In October of 2004, the U.S. Congress passed a monstrosity commonly known as the “Corporate Tax Bill.” It was a legislative Christmas tree, festooned with ornaments for lobbyists and their high-rolling special interest clients. Anti-pork crusaders like John McCain were outraged. “Disgraceful,” he told the Washington Post. “A classic example of the special interests prevailing over the people’s interest.”
On Thursday, McCain and Barack Obama–two candidates who say at every speech that they will end the special interest domination of Washington–voted for a bill that extended many of those same corporate tax breaks and added more, burdening our grandchildren with hundreds of millions of dollars in new federal debt. Neither one raised a significant protest over the inclusion of these unrelated Christmas ornaments. And today, lobbyists are celebrating with their clients all over Washington.
The reason McCain and Obama’s voted for the bill is no secret. Both men care more about the $700 billion bailout of U.S. creditors it was attached to than they do about a few hundred million dollars in tax breaks for arrow manufacturers, racetrack owners, Hollywood film and television studios, or “economic development in American Samoa.” And they had to make a choice. To get the bailout bill, Senate leaders forced them to also vote for things like another $400 million in tax breaks for movie makers, because, well, you know, Hollywood hurts too.
My point is not that either McCain or Obama are hypocrites. The nature of the legislative business is compromise, and it is perfectly reasonable for politicians to accept something they don’t want, if they feel it will get them something more important. But this entire episode does call into question the grand rhetoric that has become a staple of the campaign trail for both McCain and Obama.
More after the jump. . .
To hear them talk, McCain and Obama plan to “change” Washington. “It’s over for the special interests,” says McCain. “It is time to put an end to the runaway spending and the record deficits,” Obama said Wednesday in Wisconsin. “It’s time to return to fiscal responsibility and pay-as-you-go budgeting.” (Hours later, Obama flew to Washington to cast his vote for a bill that violated pay-as-you-go rules by giving tax breaks to already-rich industries.)
McCain and Obama say Washington will all be different once they make it to the White House. This is unlikely, and Wednesday’s vote shows why. Special interest tax breaks and pork-barrel boondoggles are to Congress what cheap credit is to the nation’s banks — the liquidity that allows the system to function. If you can’t get the votes on a particular bill, you just load it up with goodies for various politicians. Whichever man becomes president, he will have to play this game, whether he wants to or not. He can protest, and make improvements to the system. He can, as McCain says, make the “names famous” of those who push pork-barrel projects. He could even veto every bill that crosses his desk, until the government shuts down and the economy collapses. But the game remains the same, and as Wednesday’s vote shows, both McCain and Obama are willing to play the game when they must.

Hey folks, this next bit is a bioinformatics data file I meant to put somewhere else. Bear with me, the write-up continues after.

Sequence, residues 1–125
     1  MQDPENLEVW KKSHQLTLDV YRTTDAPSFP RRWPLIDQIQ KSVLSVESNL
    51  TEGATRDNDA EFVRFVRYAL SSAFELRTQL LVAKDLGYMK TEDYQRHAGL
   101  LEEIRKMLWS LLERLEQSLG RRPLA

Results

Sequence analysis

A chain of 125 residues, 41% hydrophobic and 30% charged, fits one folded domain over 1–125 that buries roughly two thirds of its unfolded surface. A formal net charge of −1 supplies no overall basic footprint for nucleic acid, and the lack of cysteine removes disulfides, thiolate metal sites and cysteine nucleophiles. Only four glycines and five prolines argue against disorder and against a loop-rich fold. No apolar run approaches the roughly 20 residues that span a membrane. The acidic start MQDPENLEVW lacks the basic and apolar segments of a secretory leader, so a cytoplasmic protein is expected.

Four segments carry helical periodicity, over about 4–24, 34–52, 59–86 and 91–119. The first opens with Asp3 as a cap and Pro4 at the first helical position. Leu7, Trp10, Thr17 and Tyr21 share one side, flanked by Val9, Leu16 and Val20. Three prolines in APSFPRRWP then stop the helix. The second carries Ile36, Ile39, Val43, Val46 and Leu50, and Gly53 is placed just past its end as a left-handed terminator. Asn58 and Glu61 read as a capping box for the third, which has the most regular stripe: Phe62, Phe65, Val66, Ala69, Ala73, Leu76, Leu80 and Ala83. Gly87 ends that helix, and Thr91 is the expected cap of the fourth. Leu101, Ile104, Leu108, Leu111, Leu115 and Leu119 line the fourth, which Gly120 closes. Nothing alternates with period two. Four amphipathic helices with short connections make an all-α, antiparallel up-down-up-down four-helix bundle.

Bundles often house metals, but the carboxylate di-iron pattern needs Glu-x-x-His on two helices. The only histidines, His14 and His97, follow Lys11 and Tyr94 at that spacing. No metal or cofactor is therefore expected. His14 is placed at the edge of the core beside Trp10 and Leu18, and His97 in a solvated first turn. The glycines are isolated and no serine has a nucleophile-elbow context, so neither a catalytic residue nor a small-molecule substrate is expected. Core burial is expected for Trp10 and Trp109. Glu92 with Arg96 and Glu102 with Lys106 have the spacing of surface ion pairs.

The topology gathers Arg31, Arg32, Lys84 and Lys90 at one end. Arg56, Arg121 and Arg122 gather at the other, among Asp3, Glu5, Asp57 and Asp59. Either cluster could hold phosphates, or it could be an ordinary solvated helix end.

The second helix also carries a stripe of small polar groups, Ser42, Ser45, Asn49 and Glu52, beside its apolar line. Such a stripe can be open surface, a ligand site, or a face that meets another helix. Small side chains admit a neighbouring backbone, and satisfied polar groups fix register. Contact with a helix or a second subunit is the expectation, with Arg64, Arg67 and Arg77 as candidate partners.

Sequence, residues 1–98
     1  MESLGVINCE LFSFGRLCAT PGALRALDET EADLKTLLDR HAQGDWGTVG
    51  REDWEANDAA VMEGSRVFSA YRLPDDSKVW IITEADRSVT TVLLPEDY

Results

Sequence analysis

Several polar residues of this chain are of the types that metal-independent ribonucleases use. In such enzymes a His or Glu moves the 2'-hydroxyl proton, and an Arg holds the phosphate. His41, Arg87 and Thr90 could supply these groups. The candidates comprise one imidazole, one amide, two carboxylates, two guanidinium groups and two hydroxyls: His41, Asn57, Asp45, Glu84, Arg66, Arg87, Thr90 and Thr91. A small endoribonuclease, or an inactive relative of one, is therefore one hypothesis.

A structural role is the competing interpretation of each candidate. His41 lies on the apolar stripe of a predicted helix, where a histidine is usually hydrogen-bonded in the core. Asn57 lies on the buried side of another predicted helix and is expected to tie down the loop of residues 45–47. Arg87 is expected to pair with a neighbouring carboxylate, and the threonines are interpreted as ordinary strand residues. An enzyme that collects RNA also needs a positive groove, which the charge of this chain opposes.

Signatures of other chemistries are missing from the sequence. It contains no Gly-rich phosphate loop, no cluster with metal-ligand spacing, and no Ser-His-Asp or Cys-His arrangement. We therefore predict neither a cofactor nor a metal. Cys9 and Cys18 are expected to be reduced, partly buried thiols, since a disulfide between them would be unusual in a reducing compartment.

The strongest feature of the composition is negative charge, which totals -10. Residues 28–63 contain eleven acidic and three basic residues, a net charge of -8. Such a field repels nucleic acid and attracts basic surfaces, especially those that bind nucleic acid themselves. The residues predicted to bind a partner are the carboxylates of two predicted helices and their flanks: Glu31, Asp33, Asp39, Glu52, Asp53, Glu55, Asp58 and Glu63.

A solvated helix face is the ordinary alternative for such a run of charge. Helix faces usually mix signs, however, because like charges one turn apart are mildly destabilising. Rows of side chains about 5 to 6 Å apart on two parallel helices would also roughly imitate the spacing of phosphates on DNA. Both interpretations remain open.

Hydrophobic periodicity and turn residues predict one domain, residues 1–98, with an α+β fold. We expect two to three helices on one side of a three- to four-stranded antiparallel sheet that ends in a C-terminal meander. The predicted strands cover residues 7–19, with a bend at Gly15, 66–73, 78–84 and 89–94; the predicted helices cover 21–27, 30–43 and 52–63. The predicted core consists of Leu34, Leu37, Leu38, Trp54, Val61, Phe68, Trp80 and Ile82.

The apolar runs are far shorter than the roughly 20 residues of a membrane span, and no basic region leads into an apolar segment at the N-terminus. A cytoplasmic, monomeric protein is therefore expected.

I spent some time this morning with the Joint Committee on Taxation score of the “tax extenders” portion of the bailout bill. The rough cost of the additions, which your children and grandchildren will pay, is $110 billion through 2018. This includes an Alternative Minimum Tax patch, and lots of tax subsidies for renewable energy. Some other highlights:
$2 million excise tax exemption on “certain wooden arrows designed for use by children.”
$49 million in tax breaks for people (in Alaska, mostly) receiving compensation from the litigation over the Exxon Valdez oil spill.
$100 million in tax breaks for “certain motorsports racing track facilities.”
$179 million in tax incentives for “investment in the District of Columbia.”
$49 million for a charitable deduction for corporations who donate books to libraries.
$33 million for an economic development credit in American Samoa.
$61 million in added credits for “steel industry fuel” also known as liquefied coal waste sludge.
$397 million for the “domestic production activities deduction” for film production
$81 million to extend and modify treatment of “certain film and television productions.”
None of this is change you can believe in.